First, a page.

Archive for the ‘Young Adult’ Category

30
May

Saving the World, The Kalki Way

Review of The Wordkeepers; Jash Sen; Duckbill Books; Rs 225

– Shana Susan Ninan

The first book of a series, Jash Sen’s The Wordkeeper is an interesting read in the Young Readers mythology/ fantasy genre. The cover caught my attention right away – glossy dark photo of a shiny green eye.

You’ll find humans, superhumans, gods, demi-gods and yakshas as characters, and the story is set at the end of the Kaliyug. Anya Sharma is a happy go lucky young girl whose life suddenly takes a turn. From her house in Bangalore to the out of space residence of the Supremo, and forest dwellings, Sen takes us through many locations, introducing characters as the plot thickens. Anya the wordkeeper has to find the Kalki avatar, Bilal, a young boy from a far off village. Does she find him in time? Who helps her? More questions and quests follow…

Considering I was reading a similarly plotted novel alongside Sen’s book, the Kalki avatar-Krishna’s legacy plot was a little dragging for me. So was the easy and lucid reading. But for a pre-teen or an adolescent, this is a great read, especially if they’re into Indian Mythology with contemporary leanings. The fantasy and adventure elements are sketched out well.

The pace lags a bit in places, and the story could do with some tight editing. Hoping the next two books will keep up the momentum.

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Rating: 8.7/10 (7 votes cast)
10
May

Gotcha. Catch Me If You Can!

Review of Mocking Jay; Suzanne Collins; Scholastic; pp 390

– Sharon Pradeeptha

Mocking Jay… does it ring a bell? Yes, the very bird which imitates voices as if it were mocking us. That’s exactly what Katniss Everdeen, the two-time survivor of the Annual Hunger Games was called to become. With Peeta enduring the mental and physical torture of President Snow, and the other survivors of the Hunger Games in mental depression, Katniss, along with Gale, is prepared to fight for the Rebels against the Capitol. All the districts of Panem lay desolate with fire, but District 13, thought to be forgotten, slowly built up in nuclear power and posed a great threat to the Capitol.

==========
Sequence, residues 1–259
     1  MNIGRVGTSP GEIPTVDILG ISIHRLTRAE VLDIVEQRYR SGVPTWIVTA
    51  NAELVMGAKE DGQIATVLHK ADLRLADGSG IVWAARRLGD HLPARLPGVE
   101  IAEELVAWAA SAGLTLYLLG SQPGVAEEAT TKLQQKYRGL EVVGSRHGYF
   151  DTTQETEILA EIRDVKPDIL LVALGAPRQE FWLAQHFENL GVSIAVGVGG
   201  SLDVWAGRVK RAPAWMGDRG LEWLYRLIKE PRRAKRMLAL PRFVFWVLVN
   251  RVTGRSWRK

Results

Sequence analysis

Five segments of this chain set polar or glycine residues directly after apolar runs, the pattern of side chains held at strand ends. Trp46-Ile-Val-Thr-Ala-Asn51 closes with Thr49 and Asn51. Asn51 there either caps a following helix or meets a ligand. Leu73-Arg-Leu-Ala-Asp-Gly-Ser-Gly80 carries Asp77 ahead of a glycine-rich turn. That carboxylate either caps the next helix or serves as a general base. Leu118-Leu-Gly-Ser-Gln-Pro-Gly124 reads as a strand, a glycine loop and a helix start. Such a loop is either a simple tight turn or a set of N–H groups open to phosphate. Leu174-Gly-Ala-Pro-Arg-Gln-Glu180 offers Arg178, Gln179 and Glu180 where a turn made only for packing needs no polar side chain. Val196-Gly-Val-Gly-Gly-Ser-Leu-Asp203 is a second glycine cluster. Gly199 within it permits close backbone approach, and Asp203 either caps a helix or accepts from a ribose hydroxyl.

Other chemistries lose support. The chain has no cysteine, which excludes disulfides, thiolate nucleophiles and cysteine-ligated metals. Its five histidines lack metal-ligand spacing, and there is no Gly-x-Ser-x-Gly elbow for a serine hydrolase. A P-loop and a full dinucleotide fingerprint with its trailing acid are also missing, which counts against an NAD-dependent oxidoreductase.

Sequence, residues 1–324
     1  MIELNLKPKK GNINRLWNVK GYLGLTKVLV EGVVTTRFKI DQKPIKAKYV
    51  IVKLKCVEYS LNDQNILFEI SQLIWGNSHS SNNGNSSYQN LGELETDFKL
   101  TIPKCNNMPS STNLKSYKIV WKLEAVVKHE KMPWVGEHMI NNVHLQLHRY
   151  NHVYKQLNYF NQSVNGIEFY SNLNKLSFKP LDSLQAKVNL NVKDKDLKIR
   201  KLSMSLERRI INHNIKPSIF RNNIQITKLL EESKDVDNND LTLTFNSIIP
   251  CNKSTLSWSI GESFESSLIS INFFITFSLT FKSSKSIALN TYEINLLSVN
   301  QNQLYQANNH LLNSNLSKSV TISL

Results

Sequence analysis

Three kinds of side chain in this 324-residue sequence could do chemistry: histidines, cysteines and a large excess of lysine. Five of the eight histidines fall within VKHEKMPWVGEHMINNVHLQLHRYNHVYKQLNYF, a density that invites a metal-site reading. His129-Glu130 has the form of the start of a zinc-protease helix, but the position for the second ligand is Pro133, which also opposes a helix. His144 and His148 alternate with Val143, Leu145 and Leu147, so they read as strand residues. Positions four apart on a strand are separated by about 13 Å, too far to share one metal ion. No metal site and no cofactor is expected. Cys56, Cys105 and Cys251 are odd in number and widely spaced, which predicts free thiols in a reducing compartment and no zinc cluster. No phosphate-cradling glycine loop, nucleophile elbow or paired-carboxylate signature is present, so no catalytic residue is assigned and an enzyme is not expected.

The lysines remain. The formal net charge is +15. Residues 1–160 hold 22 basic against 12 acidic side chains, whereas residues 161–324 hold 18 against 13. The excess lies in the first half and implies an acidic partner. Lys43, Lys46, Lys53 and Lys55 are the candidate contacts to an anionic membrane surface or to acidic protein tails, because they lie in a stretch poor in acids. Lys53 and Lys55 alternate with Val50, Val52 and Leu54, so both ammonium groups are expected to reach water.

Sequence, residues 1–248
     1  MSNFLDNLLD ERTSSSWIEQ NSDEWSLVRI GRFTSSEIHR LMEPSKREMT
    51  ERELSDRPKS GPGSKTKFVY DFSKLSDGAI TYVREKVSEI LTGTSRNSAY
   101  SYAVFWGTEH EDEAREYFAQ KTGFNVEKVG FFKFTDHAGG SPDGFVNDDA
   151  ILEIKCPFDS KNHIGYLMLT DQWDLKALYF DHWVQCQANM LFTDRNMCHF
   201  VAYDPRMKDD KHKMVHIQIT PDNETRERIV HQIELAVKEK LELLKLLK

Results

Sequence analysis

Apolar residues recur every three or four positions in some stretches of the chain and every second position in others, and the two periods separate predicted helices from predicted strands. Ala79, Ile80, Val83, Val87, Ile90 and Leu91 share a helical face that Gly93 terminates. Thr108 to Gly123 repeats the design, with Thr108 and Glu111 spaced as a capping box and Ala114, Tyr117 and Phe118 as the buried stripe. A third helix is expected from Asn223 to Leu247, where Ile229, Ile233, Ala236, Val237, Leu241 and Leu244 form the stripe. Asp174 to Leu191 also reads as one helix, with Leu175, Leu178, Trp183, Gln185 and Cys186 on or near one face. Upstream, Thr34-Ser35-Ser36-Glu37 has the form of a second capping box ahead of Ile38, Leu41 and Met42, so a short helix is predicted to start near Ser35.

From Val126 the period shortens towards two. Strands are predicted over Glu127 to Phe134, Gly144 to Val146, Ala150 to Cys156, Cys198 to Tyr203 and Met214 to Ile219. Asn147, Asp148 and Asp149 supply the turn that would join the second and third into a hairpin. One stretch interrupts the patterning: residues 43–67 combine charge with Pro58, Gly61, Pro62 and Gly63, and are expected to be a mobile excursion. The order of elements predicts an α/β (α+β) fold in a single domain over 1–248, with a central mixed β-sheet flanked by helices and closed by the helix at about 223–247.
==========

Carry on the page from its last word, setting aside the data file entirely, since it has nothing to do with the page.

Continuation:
President Snow is planning on paralysing Katniss’s mental strength by causing immense pain to the people whom she truly cared for. Unable to bear Peeta’s torture, Katniss, against her wishes, had to become the Mocking Jay of the Rebels. She undertook this tedious journey to save Peeta and grant immunity to the other survivors, along with her daring message – I kill President Snow. Her decisions have to be taken with utmost carefulness, as the slightest deviation would cause a great threat to the districts, like the fire which broke out in District 12.

Agreeing to be their Mocking Jay brings about the rescue of Peeta, but he is hypnotised by the Capitol, into thinking that Katniss is his enemy. With her striking grey suit, specially designed by Cinna, Katniss undertakes charitable work in the districts, just as a means of gathering her troops for the final war of revenge. Katniss, the girl on fire, really set the Capitol on fire by her revolutionary steps and deadly weapons. Enduring endless torture from bombings to rose-scented mutts and frightening nightmares, she finally manages to come into the arena with her final mission – I kill President Snow.

Will Katniss along with her whole team take the honour of executing President Snow, or maybe not? With an exciting finish, as like in the Hunger Games series, this book gives the readers enough curiosity that they can’t but have a peek at the last page.

The series of Hunger Games is very gripping and filled with rich adventure with unexpected twist and turns at the end. Really, hats off to Suzanne Collins for her fiction work.

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Rating: 7.7/10 (3 votes cast)